Nun-chuck skills, bow hunting skills…

In yoga and in counseling, I teach people skills almost daily to help them deal with stress and to live happier lives.  These skills might be breathing techniques, body postures, tapping/EFT, thought changing and thought stopping skills, mindfulness skills, nun-chuck skills, bow hunting skills… Sorry, forget the last 2, that’s a different story line altogether.

Anyway, after teaching and practicing these skills with them, one of the things that I stress most importantly is that they continue to practice, even when things are good.  That way, the skills become habits and in the time of crisis, whether emotional or physical, they are able to rely on said skills coming naturally and to avoid the “my mind went blank and I forgot everything you taught me” feeling.

Don’t get me wrong, it usually takes a time or two of not practicing the skills and also not handling the crisis in the healthiest of manners before people start to get the idea of practicing even when things are good.

I am not only referring to skills to avoid panic attacks or trauma responses.  I am also referring to skills to increase happiness.  In her research and writing about happiness, Sonya Lyubomirsky refers to a happiness set-point that we are each born with.  We cannot change our happiness set-point and it makes up for 50% of our overall happiness levels.  On top of the set-point, 10% of our happiness levels is determined by life experiences and circumstances.  You know, you get a new job, you lose your job, you move away, you win the lottery,  you go on vacation, etc.  These things can only effect your happiness levels by 10%.  The remaining 40% is the best part.  This is the part that we have absolute control over by practicing skills and doing things that increase our overall happiness.  Yes, I said practicing.

HappinessFormula

 

To be at least somewhat good at something at the time of need, most people must practice.  In case you weren’t sure, here is the definition of practice as referred to in this context:

verb
  1. 1.
    perform (an activity) or exercise (a skill) repeatedly or regularly in order to improve or maintain one’s proficiency.

This does not mean that when the moment of importance arrives, then we practice.  This means that when things are fine and good and non-emergent, we practice so that when we really need the skills, they kick in for us in our time of need.  We practice the skills even when things are good so that when a panic attack hits or we wake up feeling super depressed or something doesn’t go our way, we aren’t flailing and grasping at straws- or socks- to find something to help.

Have a seat.  Let me tell you a story.  Several years ago, I worked in sales and we would have monthly sales meetings in a city outside of my home dwelling.  On this particular evening of this particular month, I had gone to said city and was over at a friend and co-worker’s condo for a cocktail.  The weather was turning ominous and we were watching the weather man on TV warn people of tornadoes in the area.  Now, I mentioned the cocktail(s) and I am sure this was a factor in my ability to remain calm in this particular situation,  but I was feeling rather relaxed.  We had been watching football, hanging out, and laughing about random things.  My friend became a little more concerned as the weather turned darker and when the TV turned to snow, I am guessing that he was instantly transported into the world of the movie Twister because he clearly went on high alert.  As I mentioned, I had already had a cocktail or two and nature called, so I answered and stepped into the downstairs bathroom.  (a. I thought this was appropriate to do since I am civilized and a toilet was nearby.  b. I didn’t think I should chance using the upstairs bathroom in light of current events.)  Midway through my convo with nature, my friend flings the door open and is standing there with his cocktail in one hand and a pair of socks in the other.  “What are you doing?! I am using the bathroom!” I inform him if he were still not sure.  He replied, “I thought you were taking cover.  I was coming in with you!”  I have to say it was convenient I was already on the toilet because I may have peed myself from laughing at him.  When I did emerge from the ladies’, I inquired about the socks.  He told me that he had panicked; that he saw the socks and just grabbed them.  I told him that I was hoping that in a panic he would have grabbed a snack or even the bottle if he were expecting to take cover and be in there for a while.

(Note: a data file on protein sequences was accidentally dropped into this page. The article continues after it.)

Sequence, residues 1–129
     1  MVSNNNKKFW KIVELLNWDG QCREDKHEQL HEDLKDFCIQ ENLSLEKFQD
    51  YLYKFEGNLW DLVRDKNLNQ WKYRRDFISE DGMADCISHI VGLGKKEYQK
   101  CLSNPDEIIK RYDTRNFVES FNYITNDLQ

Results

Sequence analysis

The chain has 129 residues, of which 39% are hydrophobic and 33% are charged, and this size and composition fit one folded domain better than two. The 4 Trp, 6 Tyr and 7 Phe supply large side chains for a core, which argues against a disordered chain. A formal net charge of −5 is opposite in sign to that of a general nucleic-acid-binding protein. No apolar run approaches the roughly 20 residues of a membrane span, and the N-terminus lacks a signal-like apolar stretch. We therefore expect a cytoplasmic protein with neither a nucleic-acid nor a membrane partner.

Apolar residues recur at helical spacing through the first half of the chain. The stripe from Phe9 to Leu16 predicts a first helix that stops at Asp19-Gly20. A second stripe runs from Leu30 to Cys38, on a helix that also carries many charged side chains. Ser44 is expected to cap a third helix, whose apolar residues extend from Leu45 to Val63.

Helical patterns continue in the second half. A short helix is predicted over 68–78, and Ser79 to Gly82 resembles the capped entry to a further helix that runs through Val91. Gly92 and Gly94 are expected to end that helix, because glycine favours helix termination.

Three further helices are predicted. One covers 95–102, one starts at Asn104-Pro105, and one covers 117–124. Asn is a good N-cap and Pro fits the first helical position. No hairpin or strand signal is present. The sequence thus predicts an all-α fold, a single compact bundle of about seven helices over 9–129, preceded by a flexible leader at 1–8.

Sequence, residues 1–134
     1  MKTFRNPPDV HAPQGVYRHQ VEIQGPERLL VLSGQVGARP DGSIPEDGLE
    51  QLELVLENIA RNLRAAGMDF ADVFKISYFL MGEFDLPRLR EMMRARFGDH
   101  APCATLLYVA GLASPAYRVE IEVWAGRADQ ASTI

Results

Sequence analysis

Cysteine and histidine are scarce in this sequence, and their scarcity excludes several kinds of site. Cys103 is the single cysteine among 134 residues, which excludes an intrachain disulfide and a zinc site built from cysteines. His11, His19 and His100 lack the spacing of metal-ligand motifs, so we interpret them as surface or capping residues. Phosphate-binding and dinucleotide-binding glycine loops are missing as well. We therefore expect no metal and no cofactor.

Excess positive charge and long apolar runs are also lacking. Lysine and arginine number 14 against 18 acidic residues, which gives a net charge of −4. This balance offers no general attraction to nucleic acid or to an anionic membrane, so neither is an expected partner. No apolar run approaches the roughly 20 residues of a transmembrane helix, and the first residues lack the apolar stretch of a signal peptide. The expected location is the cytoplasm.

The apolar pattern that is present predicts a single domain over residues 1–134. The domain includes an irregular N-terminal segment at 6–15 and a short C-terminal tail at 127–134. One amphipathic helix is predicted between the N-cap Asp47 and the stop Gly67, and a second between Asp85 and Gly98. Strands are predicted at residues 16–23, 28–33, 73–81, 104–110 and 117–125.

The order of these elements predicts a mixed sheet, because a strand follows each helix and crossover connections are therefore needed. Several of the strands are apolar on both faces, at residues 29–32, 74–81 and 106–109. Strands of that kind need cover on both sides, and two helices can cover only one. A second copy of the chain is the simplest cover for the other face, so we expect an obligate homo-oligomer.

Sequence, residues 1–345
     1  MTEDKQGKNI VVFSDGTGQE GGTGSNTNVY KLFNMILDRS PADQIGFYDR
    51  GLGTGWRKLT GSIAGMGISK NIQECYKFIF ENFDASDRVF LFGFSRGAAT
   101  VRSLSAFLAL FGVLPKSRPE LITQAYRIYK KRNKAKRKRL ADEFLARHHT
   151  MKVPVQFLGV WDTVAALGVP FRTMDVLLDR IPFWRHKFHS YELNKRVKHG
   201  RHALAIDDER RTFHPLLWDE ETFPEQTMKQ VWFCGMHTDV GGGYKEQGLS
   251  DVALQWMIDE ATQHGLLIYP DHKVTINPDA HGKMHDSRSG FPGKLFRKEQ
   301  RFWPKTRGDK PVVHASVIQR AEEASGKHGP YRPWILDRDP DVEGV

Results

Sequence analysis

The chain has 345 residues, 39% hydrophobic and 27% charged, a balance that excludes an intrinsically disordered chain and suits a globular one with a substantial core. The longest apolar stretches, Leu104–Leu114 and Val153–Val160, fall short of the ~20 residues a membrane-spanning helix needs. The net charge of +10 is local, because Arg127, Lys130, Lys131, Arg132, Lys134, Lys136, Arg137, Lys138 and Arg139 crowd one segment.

Why did I tell you that story?  1. Because I think it’s funny.  2. Because when I remembered it the other day, it made me think about how it goes when people aren’t ready…  The grabbing for anything, hoping it will help, and then having to deal with the fact that it usually doesn’t go quite as smoothly as it could have if they had been a little more prepared.

Are there times that grabbing an extra pair of socks would be a really good idea?  Absolutely!  But, I would hope that you would be grabbing them because that is what you had practiced in order to most effectively deal with whatever is going on.

So, this week, let’s practice some skills that will help us to live happier lives.  Stop and take 3 slow, deep breaths anytime you think of it throughout the day.  And every evening before bed, think of 3 good things from the day, however big or small, and take a moment to savor what is going right for you.  There are always things going right for you, sometimes you just have to practice looking for them.

Don’t worry, I am practicing with you.  We will increase our happiness levels together.  Talk again soon.

k

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